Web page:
Affordable and Reliable DUI Defense Attorneys in Los Angeles
Driving Under the Influence (DUI) investigations start in many ways. A driver may be stopped for a traffic infraction unrelated to DUI, such as speeding, and a DUI investigation follows. As DUI defense attorneys in Los Angeles, we help any and all drivers fight their DUI cases. We understand California drivers sometimes are pulled over for suspicion of DUI because of driving patterns such as weaving, driving too slowly, or rapid braking or acceleration. Some of the most common reasons police stop drivers, such as speeding, are not recognized as drunk driving patterns by the National Highway Traffic Safety Administration. Sometimes DUI investigations begin even though police had no valid legal reason to stop the driver.
To trigger a driving under the influence (DUI) investigation one of three things must happen: there must be an observed violation of the law, a driving pattern so suggestive of driving under the influence of alcohol or drugs so as to provide a reasonable suspicion that a crime has taken place, or a lawful roadblock. If none of these conditions are present, any evidence gathered during the traffic stop likely will be suppressed.
Driving Under the Influence prosecutions are typically driven by four different types of evidence: driving patterns, physical signs and symptoms, field sobriety test performance and chemical test results. The prosecutor's case is in trouble if there is an investigative failing in any of these four categories.
Why Fight Your Case?
There are many reasons to fight your DUI case. Most of them are technical. Maybe the officer didn't have a good reason for stopping you. That can make the evidence collected, inadmissible. Perhaps the breath machine was miscalibrated or the person administering the test wasn't qualified, and your .09 is really a .07. Medically speaking, if the blood sample is fermented or clotted, it produces a falsely high reading.
When the BAC may be arguably supported, and reads .08 or higher at the police station, what does that prove about the level at the time of driving? It is not illegal to be at or above a .08 at the police station. They have to prove the level was above the legal limit at the time of driving. It is often the case that someone with a BAC above the legal limit at the time of testing was below the legal limit at the time of driving. This is due to inherent delay in the absorption, distribution, and elimination of alcohol in the human body. These issues can only be explored if you fight your case.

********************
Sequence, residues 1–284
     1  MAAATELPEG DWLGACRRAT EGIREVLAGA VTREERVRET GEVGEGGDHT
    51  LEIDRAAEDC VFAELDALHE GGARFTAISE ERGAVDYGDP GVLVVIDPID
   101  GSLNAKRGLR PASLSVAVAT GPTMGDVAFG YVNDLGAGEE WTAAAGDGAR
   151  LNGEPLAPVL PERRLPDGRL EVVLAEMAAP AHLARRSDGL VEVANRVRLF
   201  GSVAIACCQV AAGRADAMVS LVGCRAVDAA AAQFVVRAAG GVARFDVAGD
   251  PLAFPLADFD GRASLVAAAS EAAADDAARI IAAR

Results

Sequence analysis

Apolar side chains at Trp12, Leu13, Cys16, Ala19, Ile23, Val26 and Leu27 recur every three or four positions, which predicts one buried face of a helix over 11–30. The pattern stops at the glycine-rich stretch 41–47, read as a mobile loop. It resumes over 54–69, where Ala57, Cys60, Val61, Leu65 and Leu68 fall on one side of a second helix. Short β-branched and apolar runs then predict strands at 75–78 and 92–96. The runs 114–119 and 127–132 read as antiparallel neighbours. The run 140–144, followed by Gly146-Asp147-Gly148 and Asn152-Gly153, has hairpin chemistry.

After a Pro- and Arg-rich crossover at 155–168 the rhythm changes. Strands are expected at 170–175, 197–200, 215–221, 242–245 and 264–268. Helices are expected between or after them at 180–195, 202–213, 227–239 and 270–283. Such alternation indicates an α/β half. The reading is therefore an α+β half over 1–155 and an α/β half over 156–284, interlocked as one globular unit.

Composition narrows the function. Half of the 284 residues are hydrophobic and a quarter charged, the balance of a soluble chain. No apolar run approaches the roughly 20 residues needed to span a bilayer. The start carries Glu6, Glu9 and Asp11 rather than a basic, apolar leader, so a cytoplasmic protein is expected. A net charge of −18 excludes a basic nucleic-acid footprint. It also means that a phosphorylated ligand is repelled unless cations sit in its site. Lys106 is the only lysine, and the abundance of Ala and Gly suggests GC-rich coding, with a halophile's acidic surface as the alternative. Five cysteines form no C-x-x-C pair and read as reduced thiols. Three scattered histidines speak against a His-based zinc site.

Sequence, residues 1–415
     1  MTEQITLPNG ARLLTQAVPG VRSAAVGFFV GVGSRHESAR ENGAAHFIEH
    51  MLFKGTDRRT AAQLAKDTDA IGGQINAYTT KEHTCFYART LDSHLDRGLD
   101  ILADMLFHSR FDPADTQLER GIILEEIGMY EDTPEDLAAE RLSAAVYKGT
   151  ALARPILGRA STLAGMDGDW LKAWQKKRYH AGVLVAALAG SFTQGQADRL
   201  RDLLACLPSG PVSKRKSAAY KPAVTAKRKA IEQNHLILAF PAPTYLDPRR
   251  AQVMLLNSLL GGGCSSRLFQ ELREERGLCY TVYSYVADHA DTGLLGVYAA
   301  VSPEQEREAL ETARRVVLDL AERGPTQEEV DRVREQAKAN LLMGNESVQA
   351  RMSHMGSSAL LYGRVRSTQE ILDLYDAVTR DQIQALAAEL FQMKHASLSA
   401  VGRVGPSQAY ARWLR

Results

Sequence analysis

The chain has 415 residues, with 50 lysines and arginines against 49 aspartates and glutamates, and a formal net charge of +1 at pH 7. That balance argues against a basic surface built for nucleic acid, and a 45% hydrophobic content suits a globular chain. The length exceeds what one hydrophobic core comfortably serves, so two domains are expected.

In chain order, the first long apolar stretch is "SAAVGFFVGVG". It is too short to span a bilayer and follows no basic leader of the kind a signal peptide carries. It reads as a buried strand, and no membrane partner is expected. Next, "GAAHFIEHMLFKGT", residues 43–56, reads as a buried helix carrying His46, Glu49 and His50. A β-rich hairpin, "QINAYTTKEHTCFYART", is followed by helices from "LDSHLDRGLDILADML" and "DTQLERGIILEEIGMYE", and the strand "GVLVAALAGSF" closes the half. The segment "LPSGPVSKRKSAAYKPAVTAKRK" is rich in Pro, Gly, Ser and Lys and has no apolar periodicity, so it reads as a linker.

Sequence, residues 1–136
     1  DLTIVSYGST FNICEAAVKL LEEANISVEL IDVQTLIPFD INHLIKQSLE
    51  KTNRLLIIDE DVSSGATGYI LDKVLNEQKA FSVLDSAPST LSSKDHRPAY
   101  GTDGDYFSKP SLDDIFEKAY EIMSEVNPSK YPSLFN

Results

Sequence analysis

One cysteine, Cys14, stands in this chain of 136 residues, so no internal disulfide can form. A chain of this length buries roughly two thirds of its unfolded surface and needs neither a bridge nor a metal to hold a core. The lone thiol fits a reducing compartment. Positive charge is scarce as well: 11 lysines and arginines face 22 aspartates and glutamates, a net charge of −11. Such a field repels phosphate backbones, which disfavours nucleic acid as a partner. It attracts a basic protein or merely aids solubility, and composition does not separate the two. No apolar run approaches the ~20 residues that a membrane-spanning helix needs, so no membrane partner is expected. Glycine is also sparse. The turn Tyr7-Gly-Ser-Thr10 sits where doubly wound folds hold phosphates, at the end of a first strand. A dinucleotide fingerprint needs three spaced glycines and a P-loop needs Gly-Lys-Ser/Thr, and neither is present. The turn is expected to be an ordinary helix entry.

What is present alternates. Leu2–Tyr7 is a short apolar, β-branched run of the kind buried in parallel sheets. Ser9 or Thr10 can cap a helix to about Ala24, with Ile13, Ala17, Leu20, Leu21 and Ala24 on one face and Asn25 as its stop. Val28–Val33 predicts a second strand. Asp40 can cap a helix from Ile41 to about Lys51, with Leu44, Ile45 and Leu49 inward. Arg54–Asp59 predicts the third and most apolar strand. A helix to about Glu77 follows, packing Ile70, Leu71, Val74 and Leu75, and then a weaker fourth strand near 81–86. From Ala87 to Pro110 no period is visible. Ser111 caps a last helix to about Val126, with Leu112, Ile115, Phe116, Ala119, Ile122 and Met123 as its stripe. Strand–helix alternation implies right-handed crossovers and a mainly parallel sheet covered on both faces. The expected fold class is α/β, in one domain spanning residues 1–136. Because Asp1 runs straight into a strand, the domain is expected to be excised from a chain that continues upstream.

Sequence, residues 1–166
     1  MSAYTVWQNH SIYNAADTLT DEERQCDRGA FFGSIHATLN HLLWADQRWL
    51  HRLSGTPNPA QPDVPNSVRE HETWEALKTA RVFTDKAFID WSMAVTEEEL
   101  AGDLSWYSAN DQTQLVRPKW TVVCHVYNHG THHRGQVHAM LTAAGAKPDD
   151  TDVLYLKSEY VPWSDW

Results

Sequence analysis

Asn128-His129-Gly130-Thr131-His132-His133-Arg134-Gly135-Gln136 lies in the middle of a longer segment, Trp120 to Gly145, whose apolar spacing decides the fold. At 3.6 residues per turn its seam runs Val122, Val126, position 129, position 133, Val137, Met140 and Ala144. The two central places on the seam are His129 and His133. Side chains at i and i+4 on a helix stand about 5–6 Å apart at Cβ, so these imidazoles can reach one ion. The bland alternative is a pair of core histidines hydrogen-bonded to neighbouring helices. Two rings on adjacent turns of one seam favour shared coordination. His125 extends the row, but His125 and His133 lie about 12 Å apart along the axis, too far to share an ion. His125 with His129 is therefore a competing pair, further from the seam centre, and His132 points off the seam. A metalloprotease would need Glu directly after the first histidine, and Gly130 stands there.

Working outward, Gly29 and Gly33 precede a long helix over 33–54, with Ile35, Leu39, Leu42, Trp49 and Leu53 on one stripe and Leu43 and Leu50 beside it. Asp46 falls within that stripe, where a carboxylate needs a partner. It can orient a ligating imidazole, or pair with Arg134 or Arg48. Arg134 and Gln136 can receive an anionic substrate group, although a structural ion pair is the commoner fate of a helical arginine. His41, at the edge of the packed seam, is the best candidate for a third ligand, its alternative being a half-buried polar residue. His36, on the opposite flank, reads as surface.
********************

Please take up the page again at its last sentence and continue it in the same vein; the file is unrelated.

Why fight your case? There's your driver's license, professional license, car, job, family... If you are facing DUI arrest, DUI charges or a felony DUI, call (213-626-3100) or e-mail Mr. Richland directly at firstname.lastname@example.org.
Misdemeanor vs. Felony
The crime of Driving Under the Influence of alcohol and/or drugs (DUI) can be charged as either a misdemeanor or a felony. Driving Under the Influence is usually a misdemeanor. If there are aggravating circumstances, a DUI charge can become a felony. Aggravating circumstances can result from accidents and/or injuries, if minor children were present, a breath or blood sample refusal, extremely high alcohol levels, speeding or evading, if you are on probation, if it is your 4th DUI arrest, or if you had a prior felony DUI in the last 10 years. If proven true, aggravating circumstances will increase the punishment such as jail time, increased fines and/or loss of driving privileges. The law allows The Law Offices of Bruce Richland, PC to appear for our clients charged with misdemeanor DUI; you will not have to appear in court. This bonus is not available in a felony DUI.
The difference between misdemeanor and felony DUI rests primarily with the punishment that can be imposed upon conviction. Misdemeanors allow for a maximum of one year in county, or local, jail. Felonies expose a person to state prison. Most first-time DUI cases result in zero jail. If there are aggravating circumstances (see above), even if you are not charged with a felony, the prosecutor and/or the judge may want to send you to jail. If this is your 2nd DUI within 10 years, the law allows the prosecutor to insist upon at least 96 hours in jail. If this is your 3rd DUI within 10 years, the law allows the prosecutor ask for a minimum of 120 days in jail. A fourth DUI within 10 years can become a felony with a potential state prison sentence.
No Jail Time
There are alternatives to having to go to jail. California is famous for its sentencing alternatives, for example:
- Electronic Monitoring (House arrest): An ankle bracelet, with or without a sensor that detects alcohol, to monitor a person’s whereabouts. Electronic monitoring programs offer flexibility by sometimes allowing a person to leave the home for reasons including, work, alcohol education programs, shopping, religious services, etc.
- Community Service: Community service is generally not physical labor, and is available, especially for people with physical limitations (and as an alternative to fines).